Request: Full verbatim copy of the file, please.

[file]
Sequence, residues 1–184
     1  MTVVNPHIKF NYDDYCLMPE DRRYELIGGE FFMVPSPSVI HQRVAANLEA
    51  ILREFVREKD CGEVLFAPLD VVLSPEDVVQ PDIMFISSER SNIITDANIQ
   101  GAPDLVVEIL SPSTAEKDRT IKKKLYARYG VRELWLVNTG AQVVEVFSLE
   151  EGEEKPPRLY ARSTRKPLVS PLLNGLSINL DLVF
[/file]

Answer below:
Sequence, residues 1–184
     1  MTVVNPHIKF NYDDYCLMPE DRRYELIGGE FFMVPSPSVI HQRVAANLEA
    51  ILREFVREKD CGEVLFAPLD VVLSPEDVVQ PDIMFISSER SNIITDANIQ
   101  GAPDLVVEIL SPSTAEKDRT IKKKLYARYG VRELWLVNTG AQVVEVFSLE
   151  EGEEKPPRLY ARSTRKPLVS PLLNGLSINL DLVF